Chronic inflammation is a common finding in chronically dialyzed patients (12-65%), and may actually be part of the pathophysiology of chronic renal disease (11). It appears that the inflammatory component may be present even in pre-dialysis CKD patients. CKD patients show an inverse relationship between renal function and pro-inﬂammatory mediators (12). Animal and in vitro studies suggest that as RRF declines, inflammation is accentuated due to increased oxidative stress and activation of monocytes and cytokines in the vascular endothelium (13,14). This, in turn, can further perpetuate RRF loss (15). Various studies have demonstrated increased levels of C-reactive protein (CRP) and interleukin-6 (IL-6) in patients with chronic kidney disease (CKD) and end-stage renal failure (ESRD) (11,16). Nephrectomized rats showed impaired cytokine clearance, suggesting that the kidneys may play a role in cytokine handling (17). In incident and prevalent PD patients, loss of RRF was associated with an increased inﬂammatory component that was due to C-reactive protein or vascular cell adhesion molecules (18,19). Although the exact mechanism is as yet unknown, the relationship between RRF and inﬂammation was shown to be independent of the patients’ cardiovascular status (20).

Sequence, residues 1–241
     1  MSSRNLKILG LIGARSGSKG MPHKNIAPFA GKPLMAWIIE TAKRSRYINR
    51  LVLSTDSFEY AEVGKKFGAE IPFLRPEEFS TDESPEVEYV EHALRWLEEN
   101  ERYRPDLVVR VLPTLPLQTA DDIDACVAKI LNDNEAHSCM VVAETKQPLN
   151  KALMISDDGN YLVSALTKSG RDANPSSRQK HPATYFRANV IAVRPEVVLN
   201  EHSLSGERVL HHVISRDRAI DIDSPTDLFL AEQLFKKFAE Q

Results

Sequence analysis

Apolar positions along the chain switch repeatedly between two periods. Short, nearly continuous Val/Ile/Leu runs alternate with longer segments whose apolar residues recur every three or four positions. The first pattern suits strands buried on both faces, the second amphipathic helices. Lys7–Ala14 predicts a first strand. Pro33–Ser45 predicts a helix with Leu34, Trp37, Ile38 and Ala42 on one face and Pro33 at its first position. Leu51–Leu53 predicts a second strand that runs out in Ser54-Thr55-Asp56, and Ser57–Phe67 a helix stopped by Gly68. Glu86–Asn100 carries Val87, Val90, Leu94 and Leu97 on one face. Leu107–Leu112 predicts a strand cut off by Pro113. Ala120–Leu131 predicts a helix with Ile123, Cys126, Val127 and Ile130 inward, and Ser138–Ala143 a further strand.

RRF and Nutrition
Several studies have demonstrated that nutritional status in both HD and PD patients is better in the presence of RRF (21-24). Parameters such as appetite, dietary protein and total caloric intake assessed using questionnaires were increased in the presence of RRF. Wang et al. showed that the uptake of micronutrients was also greater when dialysis patients had RRF. Several markers of nutritional status such as subjective global assessment, lean body mass and handgrip strength were all shown to correlate with RRF (25); no such relationship with peritoneal urea clearance was found. It has also been proposed that the link between RRF decline and malnutrition status in PD patients may be due to a close association with the resting energy expenditure (6). A sustained increase in resting energy expenditure may lead to an imbalance in energy and malnutrition, which leads to a catabolic state, if not compensated for by an increase in energy intake.
RRF and Volume Control
The importance of RRF in maintaining fluid balance is becoming increasingly apparent. Extracellular ﬂuid volumes were found to be higher in PD patients with a residual GFR below 2 mL/min/1.73 m2 compared to those above 2 mL/min/1.73 m2 (26). This suggests that the degree of water removal by the diseased kidneys remains very important in determining the survival of patients on PD (27). Patients with a history of volume overload were shown to have more severe cardiovascular issues (28). In addition, blood pressure control was shown to worsen with decreasing RRF (29) and was associated with higher arterial pulse pressure (30). Although the role of RRF in maintaining volume control in patients on dialysis is not fully understood, poor RRF might contribute to a higher amount of extracellular fluid, which has been associated with hypertension and left ventricular hypertrophy (31).